So, I call my first witness. I call my first witness a messed-up lady. A messed-up lady.
“I think it was when he said to me, ‘Go call your husband, and then come back,’ that it suddenly dawned on me that this was no ordinary conversation with any ordinary person. The way it had begun had overwhelmed me, actually, because I go to that well routinely on my own. My circumstances in life are such that I don’t have many companions—at least female companions. And I was struck by the fact that he, a man, would speak to me, a woman; that he, a Jew, would speak to me, a Samaritan. But as I say, it was in that moment when he said, ‘Go and call your husband’… Because, you see, I’ve had five husbands, and I’m living with a fellow now.
“And it wasn’t that when he said that to me, I felt overwhelmed or I even felt condemned. No, I would say that I felt compassion, I felt stirred, I was amazed. I asked him questions about ‘Where are you supposed to go if you want to worship?’ What I was really thinking was ‘Where do you find forgiveness?’ And he said, ‘It’s not in a place, it’s in a person.’ And suddenly, in the course of the conversation, it dawned on me: he was that person. ‘I can see,’ I’d said at one point, ‘that you’re a prophet from God.’ But now I realized it is in him that forgiveness is to be found.
“Well, I went back into the town. And when I got back into the town, I began to say to people, ‘Come and see a man! Come and see a man!’ And some of the cynics in the place thought I was saying, you know, ‘I’ve got another one. I’m on to number seven now.’ But then the penny dropped, and they did come. And they listened. And like me, there was light and life and change—for me, a messed-up lady.”
Let me call my second witness. I’m going to refer to her as a dressed-up lady.
“I don’t recall whose idea it was to have the prayer time down at the riverside. It was a good idea, and we’d been doing it quite regularly. Personally, I was aware of God. I’ve often thought of him. I wanted to know what it really means to worship him. And when we would have these prayer times, our conversations would run along those lines. For myself, my life is pretty good. I’m a businesswoman. My clothing company in Thyatira, particularly in the purple stuff, has done really, really well.
“And what was so striking was that we had visitors to the time—three of them, and one the spokesman, a fellow called Paul. And when Paul spoke, something happened to me. Something happened to me that I can only describe as if somehow or another my eyes had been opened or my heart had been opened, and I realized that he was telling me about how God had made himself known in the person of Jesus. And I believed. Actually, I believed and I was baptized. I’ve never been the same since. Light and life for me, the dressed-up lady.”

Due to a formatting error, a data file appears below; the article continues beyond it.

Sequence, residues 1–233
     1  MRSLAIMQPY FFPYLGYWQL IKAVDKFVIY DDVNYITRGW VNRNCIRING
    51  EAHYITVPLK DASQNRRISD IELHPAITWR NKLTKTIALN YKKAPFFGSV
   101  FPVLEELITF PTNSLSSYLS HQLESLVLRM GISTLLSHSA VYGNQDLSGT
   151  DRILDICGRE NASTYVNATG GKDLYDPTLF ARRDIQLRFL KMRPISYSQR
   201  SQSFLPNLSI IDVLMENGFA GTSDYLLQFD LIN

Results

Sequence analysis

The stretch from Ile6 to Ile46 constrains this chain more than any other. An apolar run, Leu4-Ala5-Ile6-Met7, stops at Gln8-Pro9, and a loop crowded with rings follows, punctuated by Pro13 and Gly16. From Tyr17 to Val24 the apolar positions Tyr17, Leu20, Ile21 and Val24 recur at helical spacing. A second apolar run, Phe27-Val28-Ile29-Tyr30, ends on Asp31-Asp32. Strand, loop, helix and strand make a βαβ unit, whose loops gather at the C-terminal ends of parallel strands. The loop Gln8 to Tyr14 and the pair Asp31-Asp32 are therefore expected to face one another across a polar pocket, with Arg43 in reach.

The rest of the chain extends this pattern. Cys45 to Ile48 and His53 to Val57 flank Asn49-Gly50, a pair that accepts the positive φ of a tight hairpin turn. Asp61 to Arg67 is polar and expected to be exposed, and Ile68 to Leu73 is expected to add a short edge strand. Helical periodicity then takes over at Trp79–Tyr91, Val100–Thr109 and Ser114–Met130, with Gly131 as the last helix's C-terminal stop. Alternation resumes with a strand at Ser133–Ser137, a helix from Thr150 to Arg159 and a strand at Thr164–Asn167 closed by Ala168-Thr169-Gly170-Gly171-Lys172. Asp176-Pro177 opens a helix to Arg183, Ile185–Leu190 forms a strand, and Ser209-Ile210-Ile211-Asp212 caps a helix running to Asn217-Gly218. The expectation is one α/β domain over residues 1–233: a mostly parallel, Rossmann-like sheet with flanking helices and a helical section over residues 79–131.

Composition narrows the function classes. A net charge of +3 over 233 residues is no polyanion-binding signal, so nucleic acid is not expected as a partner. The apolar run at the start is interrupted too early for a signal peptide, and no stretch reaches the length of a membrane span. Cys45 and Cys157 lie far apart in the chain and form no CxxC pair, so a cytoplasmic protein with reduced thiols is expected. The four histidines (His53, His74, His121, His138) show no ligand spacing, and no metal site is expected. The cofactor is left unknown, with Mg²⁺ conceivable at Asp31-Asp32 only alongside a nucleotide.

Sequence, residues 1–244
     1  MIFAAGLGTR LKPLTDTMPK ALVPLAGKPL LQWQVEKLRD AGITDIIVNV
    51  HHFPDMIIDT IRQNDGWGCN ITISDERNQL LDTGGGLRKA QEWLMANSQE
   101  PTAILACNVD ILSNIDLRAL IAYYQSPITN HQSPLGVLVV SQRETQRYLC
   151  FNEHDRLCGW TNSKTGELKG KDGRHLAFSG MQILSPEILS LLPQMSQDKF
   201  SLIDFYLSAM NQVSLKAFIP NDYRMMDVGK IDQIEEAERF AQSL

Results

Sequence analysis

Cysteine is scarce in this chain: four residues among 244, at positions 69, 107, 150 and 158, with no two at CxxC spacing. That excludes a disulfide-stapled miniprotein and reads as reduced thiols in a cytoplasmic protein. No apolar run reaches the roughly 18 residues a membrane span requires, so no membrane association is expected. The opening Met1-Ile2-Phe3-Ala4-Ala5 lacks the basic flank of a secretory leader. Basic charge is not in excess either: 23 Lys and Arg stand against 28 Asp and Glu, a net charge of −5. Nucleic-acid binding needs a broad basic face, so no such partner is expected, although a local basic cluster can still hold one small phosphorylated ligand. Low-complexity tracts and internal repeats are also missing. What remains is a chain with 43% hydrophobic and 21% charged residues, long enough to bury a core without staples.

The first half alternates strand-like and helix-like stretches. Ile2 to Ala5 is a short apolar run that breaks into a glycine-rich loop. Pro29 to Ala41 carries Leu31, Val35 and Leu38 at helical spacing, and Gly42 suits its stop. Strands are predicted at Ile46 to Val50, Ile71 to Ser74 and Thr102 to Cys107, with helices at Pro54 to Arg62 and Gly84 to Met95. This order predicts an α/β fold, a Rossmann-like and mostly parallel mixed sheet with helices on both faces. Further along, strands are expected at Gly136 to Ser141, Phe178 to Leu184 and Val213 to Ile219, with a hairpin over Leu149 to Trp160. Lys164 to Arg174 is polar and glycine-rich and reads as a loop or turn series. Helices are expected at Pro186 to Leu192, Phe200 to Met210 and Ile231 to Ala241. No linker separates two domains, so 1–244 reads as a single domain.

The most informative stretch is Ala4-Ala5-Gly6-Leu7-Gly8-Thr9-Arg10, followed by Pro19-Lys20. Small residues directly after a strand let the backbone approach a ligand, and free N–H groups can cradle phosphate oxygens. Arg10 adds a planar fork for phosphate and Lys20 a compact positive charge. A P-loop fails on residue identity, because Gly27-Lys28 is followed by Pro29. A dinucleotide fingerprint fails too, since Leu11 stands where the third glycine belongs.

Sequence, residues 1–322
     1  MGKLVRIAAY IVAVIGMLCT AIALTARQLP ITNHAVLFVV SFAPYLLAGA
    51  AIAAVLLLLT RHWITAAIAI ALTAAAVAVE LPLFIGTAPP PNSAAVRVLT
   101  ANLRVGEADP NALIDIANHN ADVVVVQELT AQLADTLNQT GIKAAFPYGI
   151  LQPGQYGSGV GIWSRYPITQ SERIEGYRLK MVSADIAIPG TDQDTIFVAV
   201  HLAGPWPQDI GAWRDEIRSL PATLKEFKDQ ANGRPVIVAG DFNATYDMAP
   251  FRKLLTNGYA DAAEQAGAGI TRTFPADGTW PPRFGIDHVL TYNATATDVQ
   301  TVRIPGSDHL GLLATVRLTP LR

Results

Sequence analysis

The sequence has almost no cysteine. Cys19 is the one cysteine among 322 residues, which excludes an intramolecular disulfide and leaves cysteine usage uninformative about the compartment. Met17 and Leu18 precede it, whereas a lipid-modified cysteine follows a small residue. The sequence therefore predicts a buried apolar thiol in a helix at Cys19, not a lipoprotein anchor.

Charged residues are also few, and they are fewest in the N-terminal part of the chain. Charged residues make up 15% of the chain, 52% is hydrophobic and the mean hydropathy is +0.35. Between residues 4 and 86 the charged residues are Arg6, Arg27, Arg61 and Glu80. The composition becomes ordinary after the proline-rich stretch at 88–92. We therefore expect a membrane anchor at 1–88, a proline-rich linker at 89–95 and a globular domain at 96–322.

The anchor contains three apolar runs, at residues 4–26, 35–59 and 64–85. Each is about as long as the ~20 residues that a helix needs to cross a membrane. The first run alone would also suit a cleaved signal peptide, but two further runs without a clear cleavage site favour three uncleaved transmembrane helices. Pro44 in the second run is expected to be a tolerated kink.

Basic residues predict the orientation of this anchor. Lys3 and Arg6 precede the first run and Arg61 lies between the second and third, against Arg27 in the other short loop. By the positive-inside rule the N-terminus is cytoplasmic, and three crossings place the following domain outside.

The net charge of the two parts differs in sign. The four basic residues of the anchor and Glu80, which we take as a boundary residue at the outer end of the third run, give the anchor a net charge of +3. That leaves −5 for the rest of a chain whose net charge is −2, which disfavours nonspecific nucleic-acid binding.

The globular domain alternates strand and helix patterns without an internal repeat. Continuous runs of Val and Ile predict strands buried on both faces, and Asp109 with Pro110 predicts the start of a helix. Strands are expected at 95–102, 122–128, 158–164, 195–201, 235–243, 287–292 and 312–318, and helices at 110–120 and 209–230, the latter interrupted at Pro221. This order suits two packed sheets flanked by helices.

Witness number three, we move to a man—a religious man.
“If you ask me when my strong, self-righteous, vehement opposition to the Lord Jesus Christ began to unravel, I can tell you. It was on the occasion when I said to the people who were throwing stones at an individual, I said, ‘I’m not going to throw stones, but I will look after your coats.’ And as I looked after their coats, I watched as Stephen was stoned to death. And I remember looking at him and saying to myself, ‘What possesses a man to be able to do such a thing, and how could he look as he looked, and how could he speak as he spoke?’
“Well, it did unravel me, but I decided I would banish it from my thinking: ‘I’ll continue with my pattern. I will go and I will get these followers of Jesus, and I will try and get them to blaspheme, and I will put them in jail, and I will persecute them in every way that I can.’ And it was on one of those journeys—actually, to Damascus—that there was a light that shone, brighter than the noonday sun. How could have you have a light brighter than the noonday sun? But it was. If we were to spend a long time this evening, I could tell you all about it: how I cried out, ‘Who are you, Lord?’ And I realized that I was being encountered by the risen Lord Jesus Christ, the one that I had opposed. And I was blind, and then I could see. And when people ask me now, ‘What’s your credo?’ this is what I tell them: ‘To me to live is Christ, and to die is gain.’ Me, a religious man, who knew all sorts of things about God but didn’t know God.”
Witness number four, a rebellious man. Actually, a young man.
“When I was sixteen and living at home, my mind was filled with all kinds of unclean desires. I wasn’t worried about it. I kinda liked it. I knew my parents didn’t, and my mother in particular. I decided to do things that were bad. I decided to steal, not because I needed anything but just because I liked the feeling of stealing. I would actually have to say that I didn’t love the things for which I committed wrong; I just loved the wrong itself.